Gatherings called “family camps” organized by the school, home visits from faculty members and additional training for teachers is the new norm at Amargosa Valley Elementary School.
Principal Robert Williams told the district’s Board of Trustees, the additional training for faculty members is designed to enhance their teaching abilities in the classroom.
The new training also serves to prepare the staff for what’s known as the national Smarter Balanced Assessment Consortium.
Nevada has worked with the consortium, which according to the Department of Education, is a group of states developing the smarter balanced assessments to align with the common core state standards in English language arts and mathematics.
Nevada is one of 21 states who participate in the decision-making process that regulates the consortium.
Smarter Balanced sample items illustrate the complexity of English language arts, literacy and mathematics that students will encounter.
“School officials received training from the Department of Student Achievement at the administrative level and we have done that with the teachers here,” Williams said. “We combine that with training that we’re doing here at the school on writing focused lessons to create better structured lessons.”
Additionally, Williams said teachers are now working in groups to design a lesson plan that adds multiple activities on how to take the consortium’s tests.
Teachers are taught how to use the various tools that are available.
“For our kindergarten, first and second grades, they’re creating a lesson plan on how to take the Measures of Academic Progress testing because they won’t be taking the SBAC testing,” he said. “We’re hoping that it’s a good introduction and I know one of our classes in the middle school has already started it. At least when they sit down for the test, it won’t be something that they’ve never seen before in terms of format.”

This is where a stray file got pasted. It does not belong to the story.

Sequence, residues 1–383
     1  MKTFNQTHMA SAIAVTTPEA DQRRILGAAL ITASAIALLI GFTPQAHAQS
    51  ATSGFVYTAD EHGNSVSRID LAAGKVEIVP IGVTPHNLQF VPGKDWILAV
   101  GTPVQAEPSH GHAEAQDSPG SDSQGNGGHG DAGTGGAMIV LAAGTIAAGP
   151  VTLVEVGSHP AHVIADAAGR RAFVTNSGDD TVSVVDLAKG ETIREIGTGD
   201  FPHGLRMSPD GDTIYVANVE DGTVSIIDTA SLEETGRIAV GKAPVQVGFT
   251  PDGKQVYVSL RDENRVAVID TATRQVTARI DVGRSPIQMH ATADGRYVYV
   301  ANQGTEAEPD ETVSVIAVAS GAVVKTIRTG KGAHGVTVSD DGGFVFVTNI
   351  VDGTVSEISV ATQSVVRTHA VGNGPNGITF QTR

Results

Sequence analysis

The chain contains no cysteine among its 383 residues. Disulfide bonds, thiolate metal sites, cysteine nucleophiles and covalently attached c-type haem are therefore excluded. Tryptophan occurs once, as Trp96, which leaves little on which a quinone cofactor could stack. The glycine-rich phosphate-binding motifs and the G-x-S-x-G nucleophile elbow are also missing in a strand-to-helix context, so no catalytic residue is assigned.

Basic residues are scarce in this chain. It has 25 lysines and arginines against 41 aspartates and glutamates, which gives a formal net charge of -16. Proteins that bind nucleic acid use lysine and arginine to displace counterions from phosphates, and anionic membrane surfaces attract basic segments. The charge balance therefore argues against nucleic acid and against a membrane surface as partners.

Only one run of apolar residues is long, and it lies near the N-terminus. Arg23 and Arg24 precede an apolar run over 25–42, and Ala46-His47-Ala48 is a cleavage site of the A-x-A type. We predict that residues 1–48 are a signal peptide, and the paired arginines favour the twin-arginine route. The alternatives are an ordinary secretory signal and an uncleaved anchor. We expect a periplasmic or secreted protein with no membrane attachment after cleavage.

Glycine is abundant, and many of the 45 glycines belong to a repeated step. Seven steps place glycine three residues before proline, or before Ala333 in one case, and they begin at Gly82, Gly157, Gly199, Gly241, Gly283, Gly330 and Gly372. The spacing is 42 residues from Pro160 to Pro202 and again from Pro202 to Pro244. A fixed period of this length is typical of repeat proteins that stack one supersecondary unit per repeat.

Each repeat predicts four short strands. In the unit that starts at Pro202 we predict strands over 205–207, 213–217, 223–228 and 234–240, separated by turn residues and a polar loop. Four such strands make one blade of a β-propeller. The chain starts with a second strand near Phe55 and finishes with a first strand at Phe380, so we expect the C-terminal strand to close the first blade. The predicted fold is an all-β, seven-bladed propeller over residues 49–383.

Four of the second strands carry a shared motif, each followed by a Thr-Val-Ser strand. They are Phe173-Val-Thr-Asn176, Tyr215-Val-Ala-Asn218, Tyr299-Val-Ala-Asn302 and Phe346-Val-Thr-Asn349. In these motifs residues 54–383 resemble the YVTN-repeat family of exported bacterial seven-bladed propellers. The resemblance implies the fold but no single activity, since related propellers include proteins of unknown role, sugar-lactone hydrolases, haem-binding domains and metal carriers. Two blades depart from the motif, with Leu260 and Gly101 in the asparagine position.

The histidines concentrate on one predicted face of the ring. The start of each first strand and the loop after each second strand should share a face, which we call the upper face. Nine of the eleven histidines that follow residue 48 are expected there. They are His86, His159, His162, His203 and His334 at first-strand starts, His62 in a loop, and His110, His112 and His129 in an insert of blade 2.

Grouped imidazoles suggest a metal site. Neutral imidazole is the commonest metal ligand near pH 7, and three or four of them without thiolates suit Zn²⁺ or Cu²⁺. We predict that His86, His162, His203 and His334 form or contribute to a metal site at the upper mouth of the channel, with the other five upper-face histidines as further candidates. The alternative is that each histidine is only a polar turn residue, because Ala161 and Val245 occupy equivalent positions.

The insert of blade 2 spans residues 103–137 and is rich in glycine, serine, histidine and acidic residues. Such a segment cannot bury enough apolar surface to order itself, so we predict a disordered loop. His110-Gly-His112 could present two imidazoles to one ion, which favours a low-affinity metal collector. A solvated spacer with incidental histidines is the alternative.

Williams also spoke about the school’s new family camp and home visits, courtesy of school officials.
He noted that the programs are working.
“It’s paying dividends in terms of communication and building relationships with parents and getting them the information they need,” he said. “So far the counselor along with our site coordinator has done 30 home visits and we’re trying to do two for every family because we got a late start with coordination issues. Next year, we’ll do one visit for every family in the first semester and one in the second semester.”
Funded by grants, family camps occur each month during the school year.
Williams noted although attendance has been down, that program is also working well.
“Our January family camp focused on math and we had 24 families and 83 people attend, which was almost as much as we did at the first family camp last year,” he said “February family camp is on the 21 and usually they come with a potluck.”
Last month, the state identified 78 underperforming schools.
The six in Nye County are Amargosa Valley, Hafen, Floyd, Round Mountain along with Gabbs, and Pathways High School.